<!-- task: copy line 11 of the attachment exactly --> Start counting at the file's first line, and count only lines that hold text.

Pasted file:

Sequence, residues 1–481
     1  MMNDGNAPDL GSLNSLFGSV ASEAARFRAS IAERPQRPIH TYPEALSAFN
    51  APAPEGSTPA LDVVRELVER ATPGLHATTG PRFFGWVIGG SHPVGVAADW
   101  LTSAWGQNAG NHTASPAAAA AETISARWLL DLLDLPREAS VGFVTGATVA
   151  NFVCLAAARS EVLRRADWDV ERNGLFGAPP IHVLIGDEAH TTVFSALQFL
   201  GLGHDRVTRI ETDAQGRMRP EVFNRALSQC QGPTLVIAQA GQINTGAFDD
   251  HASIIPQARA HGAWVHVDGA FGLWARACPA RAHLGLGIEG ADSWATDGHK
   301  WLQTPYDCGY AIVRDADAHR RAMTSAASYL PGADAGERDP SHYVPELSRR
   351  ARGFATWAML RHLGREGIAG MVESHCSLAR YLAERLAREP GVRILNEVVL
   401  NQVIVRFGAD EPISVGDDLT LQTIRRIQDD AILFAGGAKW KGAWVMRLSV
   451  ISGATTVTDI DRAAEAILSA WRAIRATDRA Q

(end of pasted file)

   451  ISGATTVTDI DRAAEAILSA WRAIRATDRA Q